The one fly-control product we probably spend the most money on — and the most time cursing — is fly spray. We’ve pretty much got to have the stuff. Flies are unmerciful creatures, feeding on and aggravating horses with an unrelenting fierceness. So we apply insect repellent to our horses regularly — which usually means at least daily.
While fly-spray manufacturers often boast effective time periods of up to 14 days, we’ve yet to see that happen. As a matter of fact, we feel if you get 24 hours of protection out of a product, you’re doing pretty well. Plus, no fly spray will stop all insects from landing on your horse, therefore pestering him and making him shake his head or stomp his feet and driving both of you wacky. The flies have to land so they come in contact with the insecticide in order for it to eventually kill them.
You may need different fly-repellent ingredients to combat different species of flies and you may also find varying body chemistries mean products rarely work uniformly on all horses. We’ve also found that flies can become immune to a product that’s used year after year after year in every barn in the neighborhood. Just choosing a “new” product can make a difference in fly pestering. And, finally, some horses just seem to be more fly-magnets than other horses — usually the sensitive-skinned ones who react to different chemicals.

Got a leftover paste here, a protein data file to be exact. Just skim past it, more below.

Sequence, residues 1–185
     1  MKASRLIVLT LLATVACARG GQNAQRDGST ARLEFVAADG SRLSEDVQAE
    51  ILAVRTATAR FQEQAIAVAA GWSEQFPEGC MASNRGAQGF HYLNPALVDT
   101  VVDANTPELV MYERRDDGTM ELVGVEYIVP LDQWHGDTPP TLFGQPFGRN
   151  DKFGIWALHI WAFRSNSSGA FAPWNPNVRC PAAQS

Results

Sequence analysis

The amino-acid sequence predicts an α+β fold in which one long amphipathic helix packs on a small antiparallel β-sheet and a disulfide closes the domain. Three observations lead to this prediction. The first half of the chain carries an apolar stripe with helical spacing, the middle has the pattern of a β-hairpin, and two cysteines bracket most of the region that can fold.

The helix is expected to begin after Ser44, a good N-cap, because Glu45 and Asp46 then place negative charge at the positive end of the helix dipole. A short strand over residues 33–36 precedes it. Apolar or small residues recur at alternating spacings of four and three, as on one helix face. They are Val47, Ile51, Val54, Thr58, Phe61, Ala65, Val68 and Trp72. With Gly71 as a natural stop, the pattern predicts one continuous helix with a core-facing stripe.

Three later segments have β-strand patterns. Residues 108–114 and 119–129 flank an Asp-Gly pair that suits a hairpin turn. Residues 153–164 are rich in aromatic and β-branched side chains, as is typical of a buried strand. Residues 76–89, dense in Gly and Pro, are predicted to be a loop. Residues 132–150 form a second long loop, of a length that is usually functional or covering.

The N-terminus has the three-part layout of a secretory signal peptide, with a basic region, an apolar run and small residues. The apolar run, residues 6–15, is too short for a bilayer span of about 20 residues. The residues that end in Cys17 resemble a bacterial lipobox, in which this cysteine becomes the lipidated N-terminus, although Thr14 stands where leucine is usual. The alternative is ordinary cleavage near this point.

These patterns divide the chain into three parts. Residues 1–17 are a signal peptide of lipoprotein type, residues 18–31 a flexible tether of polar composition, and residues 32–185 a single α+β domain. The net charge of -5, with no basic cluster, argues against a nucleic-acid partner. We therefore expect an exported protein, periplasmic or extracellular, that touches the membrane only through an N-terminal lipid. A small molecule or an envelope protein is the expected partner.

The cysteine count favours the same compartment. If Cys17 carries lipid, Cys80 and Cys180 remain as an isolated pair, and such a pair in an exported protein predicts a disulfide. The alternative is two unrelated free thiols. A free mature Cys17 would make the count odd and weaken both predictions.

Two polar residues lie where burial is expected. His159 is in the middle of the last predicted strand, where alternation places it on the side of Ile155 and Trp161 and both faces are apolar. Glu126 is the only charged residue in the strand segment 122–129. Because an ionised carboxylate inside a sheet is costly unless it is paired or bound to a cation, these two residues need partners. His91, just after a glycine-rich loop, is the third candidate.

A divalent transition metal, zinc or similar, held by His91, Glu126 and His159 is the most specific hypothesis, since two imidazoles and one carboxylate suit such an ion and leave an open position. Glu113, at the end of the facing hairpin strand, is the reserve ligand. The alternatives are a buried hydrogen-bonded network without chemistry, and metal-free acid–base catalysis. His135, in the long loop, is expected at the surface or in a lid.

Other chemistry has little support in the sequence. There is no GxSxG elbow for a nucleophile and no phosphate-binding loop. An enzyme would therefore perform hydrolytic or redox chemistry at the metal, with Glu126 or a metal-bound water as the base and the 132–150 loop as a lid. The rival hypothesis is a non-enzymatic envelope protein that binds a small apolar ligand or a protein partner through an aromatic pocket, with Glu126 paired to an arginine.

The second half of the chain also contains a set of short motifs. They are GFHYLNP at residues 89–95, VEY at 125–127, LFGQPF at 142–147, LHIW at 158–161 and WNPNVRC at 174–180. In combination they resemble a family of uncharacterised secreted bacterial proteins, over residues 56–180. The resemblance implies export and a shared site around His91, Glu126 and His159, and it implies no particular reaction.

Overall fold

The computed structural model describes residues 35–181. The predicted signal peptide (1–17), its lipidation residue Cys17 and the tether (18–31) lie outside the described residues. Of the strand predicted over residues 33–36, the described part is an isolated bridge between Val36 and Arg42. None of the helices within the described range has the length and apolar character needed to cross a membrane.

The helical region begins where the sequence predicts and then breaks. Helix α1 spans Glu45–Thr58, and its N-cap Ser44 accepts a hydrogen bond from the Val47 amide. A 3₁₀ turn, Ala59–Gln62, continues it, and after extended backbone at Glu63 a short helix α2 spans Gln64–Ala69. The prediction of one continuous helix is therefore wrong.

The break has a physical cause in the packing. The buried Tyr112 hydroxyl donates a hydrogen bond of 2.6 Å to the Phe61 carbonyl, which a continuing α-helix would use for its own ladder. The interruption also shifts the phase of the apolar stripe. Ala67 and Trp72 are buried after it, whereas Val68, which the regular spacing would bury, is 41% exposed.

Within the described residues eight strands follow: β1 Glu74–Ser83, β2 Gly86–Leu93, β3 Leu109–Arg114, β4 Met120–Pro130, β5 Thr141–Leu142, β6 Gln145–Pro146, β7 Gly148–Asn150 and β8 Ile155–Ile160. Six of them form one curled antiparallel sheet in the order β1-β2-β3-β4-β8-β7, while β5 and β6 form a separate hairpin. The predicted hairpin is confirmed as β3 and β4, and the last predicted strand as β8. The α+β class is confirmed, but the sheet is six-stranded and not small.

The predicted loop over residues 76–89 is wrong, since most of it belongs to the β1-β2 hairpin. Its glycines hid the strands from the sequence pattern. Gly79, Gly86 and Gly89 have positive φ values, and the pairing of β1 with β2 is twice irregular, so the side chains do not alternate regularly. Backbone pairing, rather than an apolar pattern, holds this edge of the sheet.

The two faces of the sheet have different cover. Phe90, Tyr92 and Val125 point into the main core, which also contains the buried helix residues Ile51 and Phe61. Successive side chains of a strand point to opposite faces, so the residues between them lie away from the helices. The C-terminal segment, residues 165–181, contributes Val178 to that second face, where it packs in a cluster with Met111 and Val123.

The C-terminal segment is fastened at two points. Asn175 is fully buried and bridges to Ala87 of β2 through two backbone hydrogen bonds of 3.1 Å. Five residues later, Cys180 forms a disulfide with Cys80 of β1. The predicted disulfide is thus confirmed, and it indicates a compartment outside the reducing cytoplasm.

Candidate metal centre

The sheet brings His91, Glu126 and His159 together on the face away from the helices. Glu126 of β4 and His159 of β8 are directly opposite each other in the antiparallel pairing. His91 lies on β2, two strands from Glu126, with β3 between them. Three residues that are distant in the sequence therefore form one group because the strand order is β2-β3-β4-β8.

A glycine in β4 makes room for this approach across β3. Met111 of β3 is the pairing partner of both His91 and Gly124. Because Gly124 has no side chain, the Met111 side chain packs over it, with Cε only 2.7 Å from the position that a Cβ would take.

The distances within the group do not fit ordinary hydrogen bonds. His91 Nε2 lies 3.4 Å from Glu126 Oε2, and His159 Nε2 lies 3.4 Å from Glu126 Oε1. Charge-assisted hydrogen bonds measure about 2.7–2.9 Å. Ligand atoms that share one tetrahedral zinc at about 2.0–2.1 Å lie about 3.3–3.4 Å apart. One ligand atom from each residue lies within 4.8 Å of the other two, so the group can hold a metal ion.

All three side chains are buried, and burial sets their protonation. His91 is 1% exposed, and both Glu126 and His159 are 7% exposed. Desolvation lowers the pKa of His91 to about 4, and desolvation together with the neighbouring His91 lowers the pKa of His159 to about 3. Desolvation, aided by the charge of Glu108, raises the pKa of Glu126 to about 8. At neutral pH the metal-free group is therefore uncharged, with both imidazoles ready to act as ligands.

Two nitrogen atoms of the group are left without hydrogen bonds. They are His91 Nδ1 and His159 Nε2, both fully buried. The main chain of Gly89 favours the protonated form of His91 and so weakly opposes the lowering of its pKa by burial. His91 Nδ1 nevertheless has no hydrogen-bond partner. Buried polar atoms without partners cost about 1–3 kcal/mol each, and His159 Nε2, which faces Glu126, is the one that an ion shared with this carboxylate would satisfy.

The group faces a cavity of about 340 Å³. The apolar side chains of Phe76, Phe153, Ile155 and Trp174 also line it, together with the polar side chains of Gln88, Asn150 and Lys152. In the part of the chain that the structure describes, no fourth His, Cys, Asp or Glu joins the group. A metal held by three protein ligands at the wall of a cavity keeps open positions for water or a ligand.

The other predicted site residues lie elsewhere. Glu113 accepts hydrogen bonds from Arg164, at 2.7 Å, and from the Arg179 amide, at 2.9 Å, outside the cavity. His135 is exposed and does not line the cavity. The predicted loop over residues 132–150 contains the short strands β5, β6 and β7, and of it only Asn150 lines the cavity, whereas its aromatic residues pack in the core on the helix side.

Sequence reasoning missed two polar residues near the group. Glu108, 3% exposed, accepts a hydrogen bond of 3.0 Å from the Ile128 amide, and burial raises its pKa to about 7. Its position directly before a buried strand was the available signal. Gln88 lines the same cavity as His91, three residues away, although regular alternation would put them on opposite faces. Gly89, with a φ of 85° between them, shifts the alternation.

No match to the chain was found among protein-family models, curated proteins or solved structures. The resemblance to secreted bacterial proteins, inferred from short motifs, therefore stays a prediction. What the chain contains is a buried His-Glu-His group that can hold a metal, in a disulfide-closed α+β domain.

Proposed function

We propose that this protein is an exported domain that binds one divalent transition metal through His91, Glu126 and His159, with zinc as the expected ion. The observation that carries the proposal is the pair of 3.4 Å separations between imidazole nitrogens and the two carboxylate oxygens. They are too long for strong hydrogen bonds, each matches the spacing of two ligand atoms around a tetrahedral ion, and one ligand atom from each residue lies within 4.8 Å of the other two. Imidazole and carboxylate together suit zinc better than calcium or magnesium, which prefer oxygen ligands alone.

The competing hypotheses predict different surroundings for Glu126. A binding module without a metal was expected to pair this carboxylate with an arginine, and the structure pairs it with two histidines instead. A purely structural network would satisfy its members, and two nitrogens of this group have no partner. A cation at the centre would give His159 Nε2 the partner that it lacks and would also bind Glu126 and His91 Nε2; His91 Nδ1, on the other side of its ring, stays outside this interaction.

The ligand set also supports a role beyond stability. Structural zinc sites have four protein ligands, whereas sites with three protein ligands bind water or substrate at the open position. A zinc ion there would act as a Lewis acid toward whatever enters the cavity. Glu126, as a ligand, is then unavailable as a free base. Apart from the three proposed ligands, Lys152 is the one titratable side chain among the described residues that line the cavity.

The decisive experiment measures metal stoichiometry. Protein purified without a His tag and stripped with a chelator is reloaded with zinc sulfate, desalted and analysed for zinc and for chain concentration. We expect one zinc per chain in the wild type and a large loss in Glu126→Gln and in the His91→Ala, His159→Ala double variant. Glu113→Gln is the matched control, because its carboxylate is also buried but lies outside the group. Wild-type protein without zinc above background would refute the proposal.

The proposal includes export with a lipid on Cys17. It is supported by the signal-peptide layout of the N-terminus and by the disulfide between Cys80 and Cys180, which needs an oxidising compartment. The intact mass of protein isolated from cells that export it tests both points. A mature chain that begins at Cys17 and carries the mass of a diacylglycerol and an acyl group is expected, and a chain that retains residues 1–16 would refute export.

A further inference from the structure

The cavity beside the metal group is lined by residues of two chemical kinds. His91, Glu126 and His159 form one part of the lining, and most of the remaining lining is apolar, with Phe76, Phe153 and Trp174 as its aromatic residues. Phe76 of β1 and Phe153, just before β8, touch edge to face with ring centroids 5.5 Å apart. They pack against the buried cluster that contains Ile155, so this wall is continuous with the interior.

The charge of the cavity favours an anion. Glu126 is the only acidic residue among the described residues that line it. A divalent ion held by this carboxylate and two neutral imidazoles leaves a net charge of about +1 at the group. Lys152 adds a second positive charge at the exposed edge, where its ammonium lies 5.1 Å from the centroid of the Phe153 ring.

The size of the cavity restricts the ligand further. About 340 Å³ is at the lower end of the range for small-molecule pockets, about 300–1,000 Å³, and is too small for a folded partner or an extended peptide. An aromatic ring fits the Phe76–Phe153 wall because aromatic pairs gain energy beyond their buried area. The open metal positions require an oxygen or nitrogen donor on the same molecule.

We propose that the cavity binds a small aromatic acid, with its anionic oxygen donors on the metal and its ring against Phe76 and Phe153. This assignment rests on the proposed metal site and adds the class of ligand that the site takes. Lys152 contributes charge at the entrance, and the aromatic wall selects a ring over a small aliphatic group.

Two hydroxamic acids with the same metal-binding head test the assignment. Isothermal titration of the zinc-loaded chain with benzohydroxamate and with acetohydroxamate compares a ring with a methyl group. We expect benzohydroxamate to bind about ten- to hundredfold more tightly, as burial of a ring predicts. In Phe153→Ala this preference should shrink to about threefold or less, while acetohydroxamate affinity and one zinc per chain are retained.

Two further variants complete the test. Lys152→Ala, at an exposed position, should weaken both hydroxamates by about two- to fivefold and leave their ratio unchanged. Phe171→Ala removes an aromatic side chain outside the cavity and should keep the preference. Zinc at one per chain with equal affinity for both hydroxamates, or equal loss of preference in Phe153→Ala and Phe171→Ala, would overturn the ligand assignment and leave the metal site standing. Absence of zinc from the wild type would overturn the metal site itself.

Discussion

Fly sprays generally have to be reapplied after the horse sweats or gets caught in the rain or bathed. We have not found sprays to remain truly effective after the horse gets wet, despite many manufacturer claims of otherwise.
Overall, oil-based sprays tend to have a little more staying power than water-based sprays, but oils are dust magnets and messy to use — after all, they are oily. Most fly-repellent sprays today are water-based.
We field test fly sprays every couple of years as new products continue to appear on the market. Last year, we tested 24 different fly-repellent products, determining that Farnam’s Bite Free, a new chemical spray, was our ultimate favorite. The Best Buy was Bio-Groom’s Repel-35, which combines chemical and natural repellents.
For those who must have all-natural products, we recommended Neogen’s Gnat-Away Cream (especially good for faces) and Animal Legends’ Flicks spray. The natural-spray Best Buy was Equine America’s Citronella spray.
For shows, we suggested Absorbine’s UltraShield, a strong, effective spray that also gave our horses a shiny coat. Pfizer’s Solitude pour-on was our pick for pastured horses.
When we concluded our 2000 test, we were surprised that Clac-86, our 1998 favorite product and an all-natural repellent, finished in the middle of the pack. The manufacturer also was at a loss for an explanation, questioning if we had received an already diluted product, which we then diluted further believing it was a concentrate. With all the product gone, there was no way to know. When we retested Clac-86 during summer 2000, we found that, while the product proved to have average effectiveness, we still preferred our top picks from the 2000 field test.
Dealing With A Fly-Spray Reaction